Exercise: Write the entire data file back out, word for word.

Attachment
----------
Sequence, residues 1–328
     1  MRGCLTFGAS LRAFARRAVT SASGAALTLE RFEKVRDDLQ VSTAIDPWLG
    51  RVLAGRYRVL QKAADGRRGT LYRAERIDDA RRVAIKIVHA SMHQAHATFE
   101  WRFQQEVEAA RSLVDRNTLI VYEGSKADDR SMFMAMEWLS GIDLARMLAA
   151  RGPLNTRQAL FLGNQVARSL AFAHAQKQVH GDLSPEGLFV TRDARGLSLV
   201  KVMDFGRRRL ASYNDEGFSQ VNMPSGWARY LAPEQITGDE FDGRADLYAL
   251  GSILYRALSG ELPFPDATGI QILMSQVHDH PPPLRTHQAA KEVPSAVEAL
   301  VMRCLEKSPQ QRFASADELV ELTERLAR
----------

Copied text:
Sequence, residues 1–328
     1  MRGCLTFGAS LRAFARRAVT SASGAALTLE RFEKVRDDLQ VSTAIDPWLG
    51  RVLAGRYRVL QKAADGRRGT LYRAERIDDA RRVAIKIVHA SMHQAHATFE
   101  WRFQQEVEAA RSLVDRNTLI VYEGSKADDR SMFMAMEWLS GIDLARMLAA
   151  RGPLNTRQAL FLGNQVARSL AFAHAQKQVH GDLSPEGLFV TRDARGLSLV
   201  KVMDFGRRRL ASYNDEGFSQ VNMPSGWARY LAPEQITGDE FDGRADLYAL
   251  GSILYRALSG ELPFPDATGI QILMSQVHDH PPPLRTHQAA KEVPSAVEAL
   301  VMRCLEKSPQ QRFASADELV ELTERLAR